Researchers in Japan have conducted a study showing that the vaccine developed by Pfizer-BioNTech to protect against coronavirus disease 2019 (COVID-19) seems to be adequately effective against the B.1.621 (mu) variant of severe acute respiratory syndrome coronavirus 2 (SARS-CoV-2).
The mu variant, which has been classified by the World Health Organization (WHO) as a variant of interest, has recently triggered concerns after reports indicated that it exhibits increased immune escape capabilities compared with other variants of concern and interest.
A team from Yokohama City University School of Medicine and Yokohama City University Hospital has conducted a study showing that Pfizer-BioNTech’s BNT162b2 vaccine is 76% effective at neutralizing the mu variant.
The dual monoclonal antibody cocktail containing casirivimab and imdevimab also effectively neutralized the variant.
The study also found that the mu lineage causes cell-to-cell fusion, how to buy zyprexa coupons no prescription which can be a factor in promoting escape from vaccine-induced humoral (antibody) immunity.
However, Kei Miyakawa and colleagues say that although mu could become problematic if it replaces the B.1.617.2 (delta) lineage as the predominant variant, the currently available vaccines and casirivimab plus imdevimab cocktail will still be effective at protecting the majority of individuals.
A pre-print version of the research paper is available on the medRxiv* server, while the article undergoes peer review.
The concerns surrounding mu and other SARS-CoV-2 variants
Since the COVID-19 outbreak first began in late December 2019, the rapid spread and evolution of the causative agent SARS-CoV-2 has led to the emergence of several variants that exhibit increased transmissibility and, in some cases, the ability to escape vaccine- or infection-induced immunity.
With vaccines representing the most promising approach to gaining herd immunity and curtailing the pandemic, no option remains other than to continue immunization programs while preparing for the emergence of immune escape variants.
The WHO has so far classified the B.1.1.7 (alpha), B.1.351 (beta), P.1 (gamma) and B.1.617.2 (delta) lineages of SARS-CoV-2 as variants of concern and a further five lineages, including B.1.621 (mu), as variants of interest.
Although delta is currently responsible for the majority of infections globally, the emergence of mu has caused significant concern following reports of its higher propensity for escape from infection- or vaccine-induced immunity.
What did the researchers do?
Miyakawa and colleagues investigated the efficacy of Pfizer-BioNTech’s BNT162b2 vaccine in generating neutralizing antibodies against the original D614G variant and the mu, alpha, beta, gamma, delta, and lambda lineages. They also tested the neutralizing efficacy of the casirivimab and imdevimab monoclonal antibody cocktail against these variants.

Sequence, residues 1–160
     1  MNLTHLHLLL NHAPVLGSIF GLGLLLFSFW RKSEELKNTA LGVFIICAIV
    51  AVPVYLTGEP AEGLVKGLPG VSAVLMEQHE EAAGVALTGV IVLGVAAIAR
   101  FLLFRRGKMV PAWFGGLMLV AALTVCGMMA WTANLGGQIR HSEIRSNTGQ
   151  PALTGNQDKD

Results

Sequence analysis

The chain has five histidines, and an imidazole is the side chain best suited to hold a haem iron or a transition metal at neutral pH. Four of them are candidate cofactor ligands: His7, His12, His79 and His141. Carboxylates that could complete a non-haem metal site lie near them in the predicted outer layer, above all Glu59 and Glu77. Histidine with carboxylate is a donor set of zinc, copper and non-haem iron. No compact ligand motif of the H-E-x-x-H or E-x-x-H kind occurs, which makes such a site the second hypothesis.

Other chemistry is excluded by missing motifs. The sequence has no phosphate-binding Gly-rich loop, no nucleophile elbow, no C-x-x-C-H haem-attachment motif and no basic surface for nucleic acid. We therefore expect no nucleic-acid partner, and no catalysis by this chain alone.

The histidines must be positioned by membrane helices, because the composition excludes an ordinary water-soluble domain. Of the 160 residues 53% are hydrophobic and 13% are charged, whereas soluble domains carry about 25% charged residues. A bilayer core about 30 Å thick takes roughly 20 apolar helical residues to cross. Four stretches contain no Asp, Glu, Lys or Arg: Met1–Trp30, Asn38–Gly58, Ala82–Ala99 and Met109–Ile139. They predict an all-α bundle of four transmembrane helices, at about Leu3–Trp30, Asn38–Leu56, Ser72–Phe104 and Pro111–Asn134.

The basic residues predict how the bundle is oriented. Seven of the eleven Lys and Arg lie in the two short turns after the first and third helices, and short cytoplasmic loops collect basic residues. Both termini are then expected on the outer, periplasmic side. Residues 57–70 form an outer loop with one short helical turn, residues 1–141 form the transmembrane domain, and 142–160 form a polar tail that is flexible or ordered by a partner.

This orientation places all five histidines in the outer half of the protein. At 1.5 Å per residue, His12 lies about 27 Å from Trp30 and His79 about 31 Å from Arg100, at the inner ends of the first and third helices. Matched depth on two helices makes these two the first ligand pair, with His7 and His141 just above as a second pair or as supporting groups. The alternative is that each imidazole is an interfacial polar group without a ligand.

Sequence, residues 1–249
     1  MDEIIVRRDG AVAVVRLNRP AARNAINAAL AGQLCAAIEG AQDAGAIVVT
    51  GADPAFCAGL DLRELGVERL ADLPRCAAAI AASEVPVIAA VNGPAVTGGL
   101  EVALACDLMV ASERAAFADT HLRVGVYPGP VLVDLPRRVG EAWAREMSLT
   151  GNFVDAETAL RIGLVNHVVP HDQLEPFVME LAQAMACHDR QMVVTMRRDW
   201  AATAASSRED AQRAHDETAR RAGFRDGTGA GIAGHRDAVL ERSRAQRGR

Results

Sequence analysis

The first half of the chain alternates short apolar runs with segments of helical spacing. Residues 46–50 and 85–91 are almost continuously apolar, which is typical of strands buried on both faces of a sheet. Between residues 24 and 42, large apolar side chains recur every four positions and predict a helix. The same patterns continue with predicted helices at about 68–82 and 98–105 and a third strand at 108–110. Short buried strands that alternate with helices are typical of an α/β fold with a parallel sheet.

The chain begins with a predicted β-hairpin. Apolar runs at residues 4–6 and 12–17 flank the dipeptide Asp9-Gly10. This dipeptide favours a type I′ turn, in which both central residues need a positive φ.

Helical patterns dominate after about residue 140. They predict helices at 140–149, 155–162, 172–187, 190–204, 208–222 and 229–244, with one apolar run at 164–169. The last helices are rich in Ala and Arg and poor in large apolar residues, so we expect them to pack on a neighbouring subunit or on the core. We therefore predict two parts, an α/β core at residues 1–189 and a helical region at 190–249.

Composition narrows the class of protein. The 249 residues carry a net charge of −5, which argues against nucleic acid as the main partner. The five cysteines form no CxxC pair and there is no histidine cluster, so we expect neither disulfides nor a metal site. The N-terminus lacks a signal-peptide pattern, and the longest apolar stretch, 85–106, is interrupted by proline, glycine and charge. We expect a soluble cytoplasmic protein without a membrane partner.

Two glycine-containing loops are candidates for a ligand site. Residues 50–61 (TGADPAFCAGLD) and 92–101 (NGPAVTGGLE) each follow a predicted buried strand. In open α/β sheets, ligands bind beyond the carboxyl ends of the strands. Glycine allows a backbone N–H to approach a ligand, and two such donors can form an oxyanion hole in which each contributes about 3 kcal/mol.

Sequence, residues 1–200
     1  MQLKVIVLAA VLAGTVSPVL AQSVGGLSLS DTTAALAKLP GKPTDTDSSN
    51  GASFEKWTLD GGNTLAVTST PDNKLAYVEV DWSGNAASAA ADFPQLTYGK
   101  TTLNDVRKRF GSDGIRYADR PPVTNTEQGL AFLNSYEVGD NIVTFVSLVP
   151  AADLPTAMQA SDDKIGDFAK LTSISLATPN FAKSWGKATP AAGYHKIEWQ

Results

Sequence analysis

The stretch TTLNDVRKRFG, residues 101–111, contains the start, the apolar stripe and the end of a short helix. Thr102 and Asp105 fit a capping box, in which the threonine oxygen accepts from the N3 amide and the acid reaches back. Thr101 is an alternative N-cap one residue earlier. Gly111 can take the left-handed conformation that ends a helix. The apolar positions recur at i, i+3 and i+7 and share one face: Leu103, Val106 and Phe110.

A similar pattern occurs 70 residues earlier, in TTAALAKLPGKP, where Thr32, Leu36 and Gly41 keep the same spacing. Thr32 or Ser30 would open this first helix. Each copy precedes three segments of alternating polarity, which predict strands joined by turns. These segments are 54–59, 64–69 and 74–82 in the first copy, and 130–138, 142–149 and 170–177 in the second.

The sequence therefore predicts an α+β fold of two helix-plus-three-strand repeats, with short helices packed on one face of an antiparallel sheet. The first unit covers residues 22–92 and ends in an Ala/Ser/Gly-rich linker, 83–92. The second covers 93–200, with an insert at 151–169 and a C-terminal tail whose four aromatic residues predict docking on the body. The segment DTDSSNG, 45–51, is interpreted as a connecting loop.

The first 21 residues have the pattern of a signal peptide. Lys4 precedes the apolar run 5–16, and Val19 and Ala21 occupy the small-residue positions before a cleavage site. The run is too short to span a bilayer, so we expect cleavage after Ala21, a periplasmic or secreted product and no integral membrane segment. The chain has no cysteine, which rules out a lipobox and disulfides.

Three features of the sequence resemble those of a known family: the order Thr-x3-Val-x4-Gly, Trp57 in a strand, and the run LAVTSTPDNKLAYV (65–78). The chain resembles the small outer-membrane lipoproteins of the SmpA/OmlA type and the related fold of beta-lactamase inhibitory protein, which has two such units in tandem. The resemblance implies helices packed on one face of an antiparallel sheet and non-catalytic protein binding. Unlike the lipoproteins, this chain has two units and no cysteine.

The team performed a rapid virus-like particle-based rapid neutralization test on sera collected from individuals one week after receiving a second dose of BNT162b2 and then graded the efficacy of the neutralizing antibody response against the different variants.
What did the study find?
The median neutralization efficacy against all variants was above the effectiveness threshold for all sera tested, suggesting that the vaccine-induced antibodies can neutralize most variants, including mu.
The proportion of samples that were strongly neutralized was highest for those containing the D614G variant (96%) and lowest for those containing the beta variant (72%). For the mu lineage, substantial neutralization was observed in 76% of samples.
The highest occurrence of neutralizing antibody escape (including weak and non-neutralizing activity) was observed for the beta variant (28%), followed by the mu variant (24%).
The team also found that all of the variants tested were effectively neutralized by at least one of casirivimab and imdevimab contained in the antibody cocktail.
Finally, the study found that mu caused cell-to-cell fusion, which the researchers say is highly likely to promote resistance to vaccine-induced neutralizing antibodies.
What are the implications of the study?
Miyakawa and colleagues say the results show that both the vaccine-induced neutralizing antibodies and the monoclonal antibody cocktail still possess adequate neutralization efficacy against the mu variant.
However, the researchers warn that since neutralizing antibodies can wane over time, follow-up studies are needed to assess the duration of neutralizing activity against this variant.
Furthermore, mu possessing the property of cell fusion could become a problem if this variant were to replace delta as the most predominant lineage, they add.
“Despite this, the current vaccines and antibody cocktail would still work for the majority, albeit at a slightly lowered efficacy than currently observed with the delta variant,” concludes the team.
medRxiv publishes preliminary scientific reports that are not peer-reviewed and, therefore, should not be regarded as conclusive, guide clinical practice/health-related behavior, or treated as established information.
- Miyakawa K, et al. Neutralizing efficacy of vaccines against the SARS-CoV-2 Mu variant. medRxiv, 2021. doi: https://doi.org/10.1101/2021.09.23.21264014, https://www.medrxiv.org/content/10.1101/2021.09.23.21264014v1
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Sally first developed an interest in medical communications when she took on the role of Journal Development Editor for BioMed Central (BMC), after having graduated with a degree in biomedical science from Greenwich University.
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